The Ultimate Good Luck
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In this novel of menace and eroticism, Richard Ford updates the tradition of Conrad for the age of cocaine smuggling. The setting is Oaxaca, Mexico, where Harry Quinn has come to free his girlfriend's brother, Sonny, from Jail and, ideally, to get him away form the suavely sadistic drug dealer who suspects Sonny of having cheated him.
"His prose has a taut, cinematic quality that bathes his story with the same hot, mercilessly white light that scorches Mexico."--New York Times Book Review
turned onto the Avenue Hidalgo and idled along the perimeter of the park. The driver pointed to them for someone in the back of the truck, who suddenly peered out through the window. A two-way radio crackled inside, and the man in the window said something to the driver and the truck speeded up. “Everything’s gone so bad,” Rae said. She was squeezing her hands in her lap. “I really can’t do this.” “Yes you can,” he said. “You certainly can. Let’s get up.” He heard more pocking sounds—thick,
chair. Behind the chair several framed canvases were stacked against the wall. One he could see was of a terrace overlooking a harbor with pennants flying at the edge of the blue water. “See,” Muñoz said, and pulled away the plastic. Deats was in the chair. Muñoz folded the plastic so that Deats’ head was exposed. A purple bump spoiled the middle of Deats’ smooth forehead. His eyes were half-open, and his arms had been tied back with cloth, and blood had come out his nose and run into his mouth.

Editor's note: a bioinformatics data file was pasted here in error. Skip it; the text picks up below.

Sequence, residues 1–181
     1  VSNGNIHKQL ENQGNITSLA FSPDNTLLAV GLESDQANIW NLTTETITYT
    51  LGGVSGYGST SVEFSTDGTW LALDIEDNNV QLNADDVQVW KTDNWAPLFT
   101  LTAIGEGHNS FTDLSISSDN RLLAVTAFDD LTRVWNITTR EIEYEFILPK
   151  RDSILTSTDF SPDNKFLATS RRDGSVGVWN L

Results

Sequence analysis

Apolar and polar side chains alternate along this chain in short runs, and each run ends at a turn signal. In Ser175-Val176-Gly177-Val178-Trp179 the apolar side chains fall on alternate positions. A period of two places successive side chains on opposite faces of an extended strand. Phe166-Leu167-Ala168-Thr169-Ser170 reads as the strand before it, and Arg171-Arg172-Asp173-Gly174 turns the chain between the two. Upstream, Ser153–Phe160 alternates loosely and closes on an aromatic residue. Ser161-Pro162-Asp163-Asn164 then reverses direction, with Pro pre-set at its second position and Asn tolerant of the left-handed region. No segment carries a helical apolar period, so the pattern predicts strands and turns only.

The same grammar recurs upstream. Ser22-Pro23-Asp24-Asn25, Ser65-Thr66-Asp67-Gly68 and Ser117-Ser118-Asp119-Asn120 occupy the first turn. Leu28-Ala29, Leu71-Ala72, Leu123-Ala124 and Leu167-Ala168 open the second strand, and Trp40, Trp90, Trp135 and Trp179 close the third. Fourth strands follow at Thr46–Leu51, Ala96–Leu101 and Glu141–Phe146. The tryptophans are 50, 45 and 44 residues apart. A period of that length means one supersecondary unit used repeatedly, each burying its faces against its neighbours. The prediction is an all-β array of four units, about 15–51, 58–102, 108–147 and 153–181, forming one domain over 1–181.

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Quinn showed up a month ago, he looked like he could still do it, though he didn’t look that good anymore. He had gone to J.C. and quit to play pro, then gotten waived and wound up playing in Sweden for two hundred dollars a game. He had come back in a year with a Benzedrine problem and a Swedish wife and begun playing I. leagues in L.A. and got into the business of delivering animal tranquilizers to the dog tracks in Tijuana for fixed rates. He was just starting to move lorazepam when Quinn had
on-ramp. Sonny smiled as he sat down. “Fucking flies, man. Carry you off.” Quinn looked down at the guards. “We’re set now,” he said in a whisper. Sonny looked at Bernhardt and back as if he hadn’t heard something correctly. His eyes narrowed alertly. Quinn shoved across the paper sack with Sonny’s Allowable Personals—toothpaste, Super Plenamins, Lomotils, and a week-old copy of the Houston Chronicle. The guard who had passed Sonny in was staring at the paper sack, as if he thought it might